As the game has evolved, the quarterback position has become more important.

There have been twenty-six drafts since the Jaguars started in 1995. In those twenty-six drafts, seventeen quarterbacks were the overall first pick. In the twenty-five years before that, eight quarterbacks were the first pick. And in the twenty-five years before that just six: Terry Baker, Randy Duncan, King Hill, George Shaw, Bobby Garrett and Bill Wade. While Hill and Shaw had extended careers, none of those players are in the Hall of Fame.

Hindsight might be 20-20, but at this point it’s hard not to notice that nine teams passed on Patrick Mahomes and eleven passed on Deshaun Watson in the 2017 draft, including the Jaguars. Despite their interest in Watson, the Jaguars thought they were just one piece away. They stayed with Blake Bortles and took Leonard Fournette with the fourth pick in that draft. It paid off with a trip to the AFC Championship game that year, but then it fell apart quickly.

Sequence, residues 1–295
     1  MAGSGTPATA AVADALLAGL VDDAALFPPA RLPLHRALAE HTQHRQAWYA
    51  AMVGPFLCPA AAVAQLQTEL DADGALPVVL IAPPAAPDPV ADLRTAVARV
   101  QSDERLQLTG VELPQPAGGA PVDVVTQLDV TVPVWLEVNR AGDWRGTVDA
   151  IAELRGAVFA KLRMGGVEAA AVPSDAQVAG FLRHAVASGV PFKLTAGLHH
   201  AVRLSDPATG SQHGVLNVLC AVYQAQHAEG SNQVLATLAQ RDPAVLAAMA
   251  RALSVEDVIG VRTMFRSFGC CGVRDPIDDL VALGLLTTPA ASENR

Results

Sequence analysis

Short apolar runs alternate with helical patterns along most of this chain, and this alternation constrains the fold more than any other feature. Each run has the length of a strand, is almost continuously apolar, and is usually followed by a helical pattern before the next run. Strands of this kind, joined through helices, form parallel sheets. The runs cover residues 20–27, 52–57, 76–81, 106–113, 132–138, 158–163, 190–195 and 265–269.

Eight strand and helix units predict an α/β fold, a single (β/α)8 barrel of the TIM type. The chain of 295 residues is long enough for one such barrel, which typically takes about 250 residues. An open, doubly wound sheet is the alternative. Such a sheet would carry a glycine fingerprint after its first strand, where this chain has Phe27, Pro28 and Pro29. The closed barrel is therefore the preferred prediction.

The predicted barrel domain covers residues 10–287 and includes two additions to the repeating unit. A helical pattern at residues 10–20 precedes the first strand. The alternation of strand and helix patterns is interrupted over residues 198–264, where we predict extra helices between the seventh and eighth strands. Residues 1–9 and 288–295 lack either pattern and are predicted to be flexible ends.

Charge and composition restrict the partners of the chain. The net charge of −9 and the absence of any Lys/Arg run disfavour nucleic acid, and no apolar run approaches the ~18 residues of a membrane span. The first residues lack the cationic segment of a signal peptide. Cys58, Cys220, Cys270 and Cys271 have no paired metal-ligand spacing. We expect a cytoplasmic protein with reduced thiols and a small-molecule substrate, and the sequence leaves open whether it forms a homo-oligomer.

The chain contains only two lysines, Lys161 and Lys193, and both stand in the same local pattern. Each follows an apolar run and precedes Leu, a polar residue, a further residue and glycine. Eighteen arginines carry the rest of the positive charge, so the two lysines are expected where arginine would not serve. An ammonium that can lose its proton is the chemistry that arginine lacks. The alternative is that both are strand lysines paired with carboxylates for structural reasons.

When Florida, Florida State, Miami and Georgia were regular contenders for the National Championship, quarterbacks were the key.

Steve Spurrier was a quarterback, Bobby Bowden was a quarterback. Both knew the importance of that position from a performance and leadership perspective. Both collected quarterbacks on their roster regardless of who was already there.

“Who’s the quarterback,” was a daily story for the Gators under Spurrier. Steve wasn’t shy recruiting quarterbacks, changing them or rotating guys between snaps. He took Danny Wuerffel out of the Georgia game in ’93 in favor of Terry Dean. Dean, Eric Kresser, Doug Johnson, Noah Brindise, Jesse Palmer and Rex Grossman all made news as quarterbacks under Spurrier. Getting Chris Leak out of North Carolina changed the entire recruiting dynamic at Florida and led them to two National Championships. Tim Tebow won the Heisman wearing the Orange and Blue. Jacoby Brissett, Jeff Driskel, Will Grier and Cam Newton were on the Gators’ roster before a career in the NFL.